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  • $\begingroup$ I've already read this answer, but I am not sure that you emphasize the reasons behind your proposals (which are not intuitive and clear, at first, unless you are familiar with implementations of deep RL algorithms), i.e. neural networks typically require fixed-size inputs and outputs (though the OP seems to be aware of this when he says option 1 is nonsense). In your other answer here, you explain that, but it may be worth editing this answer to be self-contained, cuz I also closed that post as "needs more focus", given that it asks many questions. $\endgroup$
    – nbro
    Nov 17 '20 at 19:06
  • $\begingroup$ Also, I am not familiar with the details of PPO, but what did the OP mean by "internal state"? I think he was talking about the current state, but I am not sure, because the OP also says "by incorporating an integer into the state/observation space that informs the model what's the internal state value". I guess he's referring to the augmentation of the state (or observation) space with an integer that indicates which subset of the action space is available in that state. Is that what he meant? I'm asking this because, if by "internal state" he meant "state", then I would change the wording. $\endgroup$
    – nbro
    Nov 17 '20 at 19:18
  • $\begingroup$ @nbro When I read "internal state", my first instinct is to interpret it as some property of the state that is relevant, but not observable to the agent. So we as humans know that there must be some variable like that as part of the state, but it's not explicitly exposed to the agent. I'm more used to seeing it just in programming contexts outside of AI/RL though. For instance, a Random Number Generation object often has internal state (like seed, often some other stuff) which is not part of its public API $\endgroup$
    – Dennis Soemers
    Nov 17 '20 at 19:42
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Change the action space at each step, depending on the internal_state. I assume this is nonsense.

Yes, this seems overkill and makes the problem unnecessarily complex, there could be other things you can do.

Do nothing : let the model understand that choosing an unavailable action has no impact.

While this will not harm your model negatively, in any way the negative thing about this is that the model could take a long time to understand that some actions don't matter for some values of state.

Do -almost- nothing : impact slightly negatively the reward when the model chooses an unavailable action.

Same response as for the previous point except that this could harm your model negatively (but not sure if this is significant). Assume you give a reward of -100 for every illegal action it takes. Looking at only the negative rewards, we have:

  • -100 when initial_state == 0
  • -200 when initial state == 1 By doing this, you might be implicitly favoring situations where state == 0. Plus, I dont see the point of the -100 reward anyway since once they come to state 0 they will have to choose a value for the illegal actions too (it's not like they can ignore the values for the action and escape -100 reward)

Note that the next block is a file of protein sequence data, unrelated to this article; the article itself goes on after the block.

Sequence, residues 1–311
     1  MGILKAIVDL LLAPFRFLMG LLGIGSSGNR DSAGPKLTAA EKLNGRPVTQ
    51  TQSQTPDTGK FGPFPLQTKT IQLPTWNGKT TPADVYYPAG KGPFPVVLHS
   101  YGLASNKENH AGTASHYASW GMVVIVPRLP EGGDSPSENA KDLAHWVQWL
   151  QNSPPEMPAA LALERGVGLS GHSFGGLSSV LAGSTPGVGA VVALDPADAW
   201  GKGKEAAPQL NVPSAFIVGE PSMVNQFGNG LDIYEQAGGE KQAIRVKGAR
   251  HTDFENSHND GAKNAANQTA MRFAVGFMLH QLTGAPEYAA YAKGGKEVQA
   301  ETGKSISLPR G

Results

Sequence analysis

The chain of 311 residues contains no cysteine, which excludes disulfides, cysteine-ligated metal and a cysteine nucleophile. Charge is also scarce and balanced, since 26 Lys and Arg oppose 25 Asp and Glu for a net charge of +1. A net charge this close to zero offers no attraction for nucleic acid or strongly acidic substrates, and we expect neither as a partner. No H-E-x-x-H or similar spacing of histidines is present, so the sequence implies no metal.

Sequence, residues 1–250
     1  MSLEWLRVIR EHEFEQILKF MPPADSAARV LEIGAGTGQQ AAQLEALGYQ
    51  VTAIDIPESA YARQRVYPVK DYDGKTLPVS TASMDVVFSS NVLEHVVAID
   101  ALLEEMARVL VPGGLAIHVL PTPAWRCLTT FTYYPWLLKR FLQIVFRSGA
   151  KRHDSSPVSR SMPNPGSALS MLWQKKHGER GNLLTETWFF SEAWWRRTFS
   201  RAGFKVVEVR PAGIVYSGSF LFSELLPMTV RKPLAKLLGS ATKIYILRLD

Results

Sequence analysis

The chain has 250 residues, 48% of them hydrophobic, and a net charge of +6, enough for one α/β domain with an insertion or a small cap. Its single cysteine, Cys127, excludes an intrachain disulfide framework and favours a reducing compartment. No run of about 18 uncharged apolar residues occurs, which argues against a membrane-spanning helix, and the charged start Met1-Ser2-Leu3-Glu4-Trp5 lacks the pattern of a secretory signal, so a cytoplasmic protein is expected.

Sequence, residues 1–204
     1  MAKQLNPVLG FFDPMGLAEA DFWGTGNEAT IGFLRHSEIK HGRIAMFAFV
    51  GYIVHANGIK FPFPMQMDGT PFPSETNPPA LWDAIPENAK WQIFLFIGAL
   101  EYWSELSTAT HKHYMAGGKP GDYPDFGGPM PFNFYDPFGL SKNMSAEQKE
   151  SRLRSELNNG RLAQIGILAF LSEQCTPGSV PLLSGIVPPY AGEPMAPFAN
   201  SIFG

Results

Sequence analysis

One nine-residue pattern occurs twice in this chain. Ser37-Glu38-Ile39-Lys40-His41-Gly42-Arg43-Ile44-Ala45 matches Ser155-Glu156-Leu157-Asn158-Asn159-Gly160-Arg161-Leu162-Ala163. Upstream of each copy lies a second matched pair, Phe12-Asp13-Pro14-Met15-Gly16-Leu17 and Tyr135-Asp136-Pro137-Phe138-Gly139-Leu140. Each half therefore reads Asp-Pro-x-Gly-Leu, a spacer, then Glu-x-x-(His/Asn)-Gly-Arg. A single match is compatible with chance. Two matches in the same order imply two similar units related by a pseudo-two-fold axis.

Help the model : by incorporating an integer into the state/observation space that informs the model what's the internal_state value + bullet point 2 or 3

To me, this seems like the most ideal thing to do. You could branch out the final output layer (of your ActorCritic Agent) into 2 instead of 1.

Like: Input layer, fc1 (from input layer), output1(from fc1), output2(from fc1) Based on initial_state you can get the output from output1 or output2.

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  • $\begingroup$ You say: "Yes, this seems overkill and makes the problem unnecessarily complex". Why exactly is it overkill? The problem is the use of neural networks in PPO. $\endgroup$
    – nbro
    Nov 17 '20 at 19:10
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Normally, the set of actions that the agent can execute does not change over time, but some actions can become impossible in different states (for example, not every move is possible in any position of the TicTacToe game).

Take a look as example at pice of code https://github.com/haje01/gym-tictactoe/blob/master/examples/base_agent.py :

ava_actions = env.available_actions()
action = agent.act(state, ava_actions)
state, reward, done, info = env.step(action)
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  • $\begingroup$ Note that the question was specifically asked in the context of PPO, while the implementation at the linked Github repository does not deal with neural networks. $\endgroup$
    – nbro
    Nov 17 '20 at 19:25
  • $\begingroup$ If you use tensorforce lib, use action masking feature, like this: github.com/tensorforce/tensorforce/blob/master/examples/… $\endgroup$ Jul 27 at 8:18